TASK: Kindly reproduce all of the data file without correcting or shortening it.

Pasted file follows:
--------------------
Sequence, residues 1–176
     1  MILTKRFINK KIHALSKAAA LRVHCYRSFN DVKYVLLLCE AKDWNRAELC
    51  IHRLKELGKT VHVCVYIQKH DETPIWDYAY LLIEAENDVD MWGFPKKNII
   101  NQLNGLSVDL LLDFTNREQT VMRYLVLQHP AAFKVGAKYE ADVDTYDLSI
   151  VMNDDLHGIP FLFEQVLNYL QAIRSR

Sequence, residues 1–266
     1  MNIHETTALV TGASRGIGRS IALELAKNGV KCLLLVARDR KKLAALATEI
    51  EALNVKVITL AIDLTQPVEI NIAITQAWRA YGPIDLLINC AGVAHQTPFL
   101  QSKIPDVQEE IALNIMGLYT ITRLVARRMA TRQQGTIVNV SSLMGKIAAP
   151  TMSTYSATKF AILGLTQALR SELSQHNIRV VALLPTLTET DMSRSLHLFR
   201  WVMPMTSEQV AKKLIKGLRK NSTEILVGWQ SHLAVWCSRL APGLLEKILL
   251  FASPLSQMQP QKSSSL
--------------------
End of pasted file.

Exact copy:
Sequence, residues 1–176
     1  MILTKRFINK KIHALSKAAA LRVHCYRSFN DVKYVLLLCE AKDWNRAELC
    51  IHRLKELGKT VHVCVYIQKH DETPIWDYAY LLIEAENDVD MWGFPKKNII
   101  NQLNGLSVDL LLDFTNREQT VMRYLVLQHP AAFKVGAKYE ADVDTYDLSI
   151  VMNDDLHGIP FLFEQVLNYL QAIRSR

Sequence, residues 1–266
     1  MNIHETTALV TGASRGIGRS IALELAKNGV KCLLLVARDR KKLAALATEI
    51  EALNVKVITL AIDLTQPVEI NIAITQAWRA YGPIDLLINC AGVAHQTPFL
   101  QSKIPDVQEE IALNIMGLYT ITRLVARRMA TRQQGTIVNV SSLMGKIAAP
   151  TMSTYSATKF AILGLTQALR SELSQHNIRV VALLPTLTET DMSRSLHLFR
   201  WVMPMTSEQV AKKLIKGLRK NSTEILVGWQ SHLAVWCSRL APGLLEKILL
   251  FASPLSQMQP QKSSSL